At least one claim sufficiently pleaded in O'Blasney's petition makes it impossible to say, at this early stage of the case, that "it plainly appears from the face of the petition and any exhibits annexed to it that the petitioner is not entitled to relief." Paragraph II of the petition, Designated Record 21, alleges that the evidence was insufficient to negate beyond a reasonable doubt petitioner's defense of mental illness. This claim, especially when read with the indulgence that pro se petitions for habeas corpus deserve, is legally sufficient to raise a Jackson v. Virginia, 443 U.S. 307, 99 S. Ct. 2781, 61 L. Ed. 2d 560 (1979), issue. In Jackson the Supreme Court held
that in a challenge to a state criminal conviction brought under 28 U.S.C. § 2254 ... the applicant is entitled to habeas corpus relief if it is found that upon the record evidence adduced at the trial no rational trier of fact could have found proof of guilt beyond a reasonable doubt.
Id. at 324, 99 S. Ct. at 2791 (footnote omitted).
A Jackson issue necessarily depends on "the record evidence adduced at the trial." Ibid. But here neither the District Court nor this Court has ever had before it a transcript of petitioner's trial. The District Court did consider the state-court appellate briefs which discussed the factual sufficiency of the state's proof, and the Supreme Court of South Dakota considered the issue as argued in those briefs and decided it against the petitioner. But even though the final decision of a state court is entitled to great deference, it is not to be accepted conclusively by a federal court in a habeas action without first determining that there is factual and legal support for that decision. Maes v. Patterson, 401 F.2d 200, 201 (10th Cir. 1968). Ordinarily a court should examine the actual transcript, or at least those portions of it cited by counsel, before ruling on a Jackson sufficiency-of-the-evidence claim. If the facts are agreed to, or if a petitioner, represented by counsel, for some reason represents to the court that it is unnecessary for it to read the transcript, the court might well have discretion to proceed without a transcript, but no such situation exists here. We think the District Court acted too quickly in summarily rejecting petitioner's Jackson claim in the circumstances of this case.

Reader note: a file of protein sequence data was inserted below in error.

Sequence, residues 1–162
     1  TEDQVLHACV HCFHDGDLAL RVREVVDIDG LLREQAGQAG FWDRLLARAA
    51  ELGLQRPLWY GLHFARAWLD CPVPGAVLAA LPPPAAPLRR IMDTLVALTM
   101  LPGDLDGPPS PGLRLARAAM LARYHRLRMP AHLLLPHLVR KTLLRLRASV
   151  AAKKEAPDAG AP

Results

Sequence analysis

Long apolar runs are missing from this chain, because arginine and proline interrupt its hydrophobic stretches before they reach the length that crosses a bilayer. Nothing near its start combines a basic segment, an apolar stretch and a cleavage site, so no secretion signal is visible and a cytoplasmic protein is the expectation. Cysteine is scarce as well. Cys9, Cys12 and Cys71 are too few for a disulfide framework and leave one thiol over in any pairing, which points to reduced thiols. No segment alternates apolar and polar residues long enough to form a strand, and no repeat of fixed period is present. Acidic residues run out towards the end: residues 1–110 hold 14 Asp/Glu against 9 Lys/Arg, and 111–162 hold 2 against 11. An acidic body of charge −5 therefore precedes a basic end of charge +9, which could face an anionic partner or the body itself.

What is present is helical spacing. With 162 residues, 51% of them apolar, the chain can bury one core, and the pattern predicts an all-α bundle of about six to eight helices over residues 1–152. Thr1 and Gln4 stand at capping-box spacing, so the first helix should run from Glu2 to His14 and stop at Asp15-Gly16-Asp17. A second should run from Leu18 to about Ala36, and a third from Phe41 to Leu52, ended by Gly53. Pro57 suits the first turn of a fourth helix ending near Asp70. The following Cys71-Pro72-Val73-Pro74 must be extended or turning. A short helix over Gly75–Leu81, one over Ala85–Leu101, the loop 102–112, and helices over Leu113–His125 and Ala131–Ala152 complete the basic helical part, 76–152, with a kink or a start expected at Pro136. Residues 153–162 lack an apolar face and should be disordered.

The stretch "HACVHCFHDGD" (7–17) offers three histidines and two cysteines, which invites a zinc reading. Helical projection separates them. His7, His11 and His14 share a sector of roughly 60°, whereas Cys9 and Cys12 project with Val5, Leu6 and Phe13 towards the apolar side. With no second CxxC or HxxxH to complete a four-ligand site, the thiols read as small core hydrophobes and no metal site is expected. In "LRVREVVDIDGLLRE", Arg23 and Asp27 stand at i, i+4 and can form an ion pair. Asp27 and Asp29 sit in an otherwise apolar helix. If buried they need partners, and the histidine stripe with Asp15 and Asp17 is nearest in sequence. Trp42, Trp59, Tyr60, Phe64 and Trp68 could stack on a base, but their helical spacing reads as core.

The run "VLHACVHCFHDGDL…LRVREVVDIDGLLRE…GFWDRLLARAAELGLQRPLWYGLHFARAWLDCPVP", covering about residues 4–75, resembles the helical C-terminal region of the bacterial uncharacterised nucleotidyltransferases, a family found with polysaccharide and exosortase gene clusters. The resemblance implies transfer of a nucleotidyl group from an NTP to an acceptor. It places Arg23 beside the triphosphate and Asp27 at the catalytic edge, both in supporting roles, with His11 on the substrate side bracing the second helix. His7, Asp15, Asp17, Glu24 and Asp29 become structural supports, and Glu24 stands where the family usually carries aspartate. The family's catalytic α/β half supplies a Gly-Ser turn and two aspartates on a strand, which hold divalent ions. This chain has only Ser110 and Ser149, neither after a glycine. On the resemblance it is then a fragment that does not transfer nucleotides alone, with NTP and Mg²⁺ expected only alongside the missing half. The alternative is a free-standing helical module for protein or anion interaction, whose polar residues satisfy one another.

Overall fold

Since the case must go back to the District Court for further proceedings in any event, we forego extended discussion of petitioner's other claim, relating to the use against him of testimony that he had offered to plead guilty to second-degree manslaughter. On remand, the District Court should carefully reconsider petitioner's request for appointed counsel. Petitioner has received a long sentence. This is his first request for postconviction relief. We think counsel could be a significant help both to O'Blasney and to the courts. If counsel is appointed, he or she should be allowed to file an amended petition amplifying petitioner's two extant claims of federal constitutional error and clarifying, if need be, the circumstances of the alleged plea bargaining between O'Blasney and the state. The District Court should direct the respondent to file an answer to the petition and to supply it with the complete record of the state-court proceedings against O'Blasney, including the trial transcript. If any expense is involved in securing a copy of the transcript, it should be paid by the United States. See 28 U.S.C. § 753(f).
We are grateful to counsel appointed by this Court for his services on the appeal.
Reversed and remanded with directions.
The petition as filed also claimed that the information against O'Blasney had failed to state an offense under South Dakota law. This claim (which appointed counsel does not argue in O'Blasney's brief in this Court) raises issues of state law only, and is therefore no basis for relief in this federal habeas proceeding under 28 U.S.C. § 2254. The District Court was correct in dismissing it out of hand